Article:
4 Web Design Considerations When Converting Your Site to a Mobile Version

Posted on June 7, 2011 by

Design is an essential element of any website. In today’s competitive environment, where most people can offer similar things, design can become a big differentiator. People love beautiful pages and they may have better confidence in the product and service if the site is well designed. How many consumers buy an iPhone or an iPad just for its interface design? Lots of them! Many competing smartphones and tablets offer similar or better features, but they buy Apple products solely due to attractive physical and user interface design. Web design has progressed significantly. Web 2.0 sites have fresher colors, CSS designs, large types, rounded corners and gradients. This web design style has worked well and some desktop applications even borrow some elements of Web 2.0 for their interface.

Often site owners are not sure what to do. They have seen how mobile Opera browser can fold and scale website neatly or love the way iPhone’s Safari scales a website down. Users can now tap, drag and pinch on the browser; but one question still remains, do you need a mobile version for your site?

Mobiles are getting more powerful and data speed is faster. Although surveys show that smartphone sales are skyrocketing, they do not consider the fact that many millions users, especially low-income people in third world countries, are still using $100 or less feature phones. The browsers used are usually outdated and limited in features. So try to keep things very simple and just focusing on getting all the tasks done.

With the more pervasive use of smartphone, it’s increasingly important to create a mobile version of your site. These are a few web design considerations when converting a site into a mobile version.

Mobile Screen Sizes:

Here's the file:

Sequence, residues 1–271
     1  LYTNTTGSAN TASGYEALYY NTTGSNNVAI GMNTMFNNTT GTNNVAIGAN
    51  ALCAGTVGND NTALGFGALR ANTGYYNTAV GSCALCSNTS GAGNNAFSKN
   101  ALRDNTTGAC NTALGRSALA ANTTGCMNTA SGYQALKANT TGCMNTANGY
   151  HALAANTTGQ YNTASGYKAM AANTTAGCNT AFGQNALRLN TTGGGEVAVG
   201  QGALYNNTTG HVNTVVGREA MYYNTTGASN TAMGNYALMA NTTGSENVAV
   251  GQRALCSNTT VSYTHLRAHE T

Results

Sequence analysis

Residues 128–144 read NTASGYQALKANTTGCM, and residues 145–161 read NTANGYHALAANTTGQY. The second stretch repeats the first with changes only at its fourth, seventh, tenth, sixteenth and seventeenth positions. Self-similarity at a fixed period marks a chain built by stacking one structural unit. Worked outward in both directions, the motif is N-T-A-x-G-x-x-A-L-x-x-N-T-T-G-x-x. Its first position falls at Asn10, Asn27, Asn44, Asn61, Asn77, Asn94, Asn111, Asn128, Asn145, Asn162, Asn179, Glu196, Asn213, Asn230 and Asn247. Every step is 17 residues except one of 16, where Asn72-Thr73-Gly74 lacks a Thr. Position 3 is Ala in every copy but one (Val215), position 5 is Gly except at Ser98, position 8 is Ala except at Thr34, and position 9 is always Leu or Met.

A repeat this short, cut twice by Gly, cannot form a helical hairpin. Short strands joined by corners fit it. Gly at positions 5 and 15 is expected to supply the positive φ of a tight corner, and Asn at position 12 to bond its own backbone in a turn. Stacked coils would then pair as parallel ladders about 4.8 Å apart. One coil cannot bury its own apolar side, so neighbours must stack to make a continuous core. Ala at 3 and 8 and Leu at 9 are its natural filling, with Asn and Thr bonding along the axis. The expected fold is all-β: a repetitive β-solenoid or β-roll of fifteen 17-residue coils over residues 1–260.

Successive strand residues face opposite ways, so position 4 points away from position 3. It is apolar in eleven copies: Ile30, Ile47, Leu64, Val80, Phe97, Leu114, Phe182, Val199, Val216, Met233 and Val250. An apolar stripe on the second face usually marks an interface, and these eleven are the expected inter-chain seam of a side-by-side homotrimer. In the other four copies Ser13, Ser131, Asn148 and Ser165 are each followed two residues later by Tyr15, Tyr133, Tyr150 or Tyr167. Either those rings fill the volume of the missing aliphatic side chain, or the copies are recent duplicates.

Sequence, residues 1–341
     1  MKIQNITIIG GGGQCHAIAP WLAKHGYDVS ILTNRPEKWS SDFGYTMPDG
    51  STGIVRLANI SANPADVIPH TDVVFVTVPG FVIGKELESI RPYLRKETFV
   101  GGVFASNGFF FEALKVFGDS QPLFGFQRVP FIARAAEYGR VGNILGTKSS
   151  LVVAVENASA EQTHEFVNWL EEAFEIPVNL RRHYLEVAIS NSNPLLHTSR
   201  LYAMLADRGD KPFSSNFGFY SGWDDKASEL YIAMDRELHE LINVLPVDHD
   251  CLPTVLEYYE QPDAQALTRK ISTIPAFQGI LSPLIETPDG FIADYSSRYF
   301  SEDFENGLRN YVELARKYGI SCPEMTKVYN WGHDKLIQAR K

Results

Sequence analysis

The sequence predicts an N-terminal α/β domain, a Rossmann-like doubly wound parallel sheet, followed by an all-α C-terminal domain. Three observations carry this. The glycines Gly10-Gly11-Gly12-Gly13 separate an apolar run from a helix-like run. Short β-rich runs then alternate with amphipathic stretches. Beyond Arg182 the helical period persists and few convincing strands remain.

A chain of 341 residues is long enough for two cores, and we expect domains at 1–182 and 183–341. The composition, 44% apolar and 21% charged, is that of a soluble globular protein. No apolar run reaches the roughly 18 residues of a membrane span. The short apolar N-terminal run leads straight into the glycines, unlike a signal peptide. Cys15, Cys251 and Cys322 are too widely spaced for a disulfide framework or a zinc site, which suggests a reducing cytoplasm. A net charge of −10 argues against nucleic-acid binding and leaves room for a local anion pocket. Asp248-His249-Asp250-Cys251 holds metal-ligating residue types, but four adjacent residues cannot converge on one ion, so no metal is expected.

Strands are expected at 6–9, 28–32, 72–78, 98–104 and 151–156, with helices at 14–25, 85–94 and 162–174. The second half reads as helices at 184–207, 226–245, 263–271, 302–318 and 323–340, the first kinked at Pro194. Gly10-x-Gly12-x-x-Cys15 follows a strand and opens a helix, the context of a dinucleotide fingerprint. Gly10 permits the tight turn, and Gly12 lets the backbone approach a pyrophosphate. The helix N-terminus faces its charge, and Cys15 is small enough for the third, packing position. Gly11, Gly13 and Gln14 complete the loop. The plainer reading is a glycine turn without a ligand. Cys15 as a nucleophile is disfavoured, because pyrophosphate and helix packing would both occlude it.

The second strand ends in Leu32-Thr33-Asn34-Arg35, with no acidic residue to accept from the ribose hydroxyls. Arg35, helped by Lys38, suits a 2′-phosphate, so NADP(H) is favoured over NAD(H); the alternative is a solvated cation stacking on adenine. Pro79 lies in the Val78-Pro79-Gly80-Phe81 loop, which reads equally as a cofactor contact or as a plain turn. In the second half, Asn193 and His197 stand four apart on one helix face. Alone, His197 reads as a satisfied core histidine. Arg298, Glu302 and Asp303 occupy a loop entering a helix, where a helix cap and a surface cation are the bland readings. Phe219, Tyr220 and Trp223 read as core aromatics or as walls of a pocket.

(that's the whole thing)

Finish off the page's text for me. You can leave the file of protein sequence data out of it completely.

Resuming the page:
Unfortunately, mobile phones screen resolutions are not uniform. A while ago, 176×208 was the norm, but today 240×320 is more common. Apple’s iPhone 4’s is 640x 960, while the Motorola Xoom’s is 800×1280. So it seems, mobile devices are now touching the desktop resolution. Although the resolution is growing steadily, these devices still have smaller absolute screen size. While the pixels are getting dense, you may still need to deal with 3” to 5” screens. Mobile devices are meant to be used at the hand’s distance and very small website elements may not be usable. Mobile devices are usually taller than they are wide, although many models can use both landscape and portrait orientations equally well. So if your site is quite wide than it may not be rendered well on some mobile devices, especially on lower-end models. 240 pixels is a safe width for today’s standard, but you need to check it on popular mobile devices and make some adjustments if necessary.

Optimizing Web Navigation on Mobile Site:

Perhaps, only high-end tablets that can support standard websites well.  But given there are no keyboard and mouse; and the smaller screen on most mobile devices, you should make sure that the layout allows a smooth flow. A website header usually has branding graphics and navigation links. Many feature phones still use arrow keys for the navigation, which means unlike on iOS or Android devices, you need to keep clicking until you reach the desired link. It would be unwise to ask users to skip through 20 links to reach the main body of the webpage. A good mobile webpage should be able to flow well vertically with separate blocks for each page element.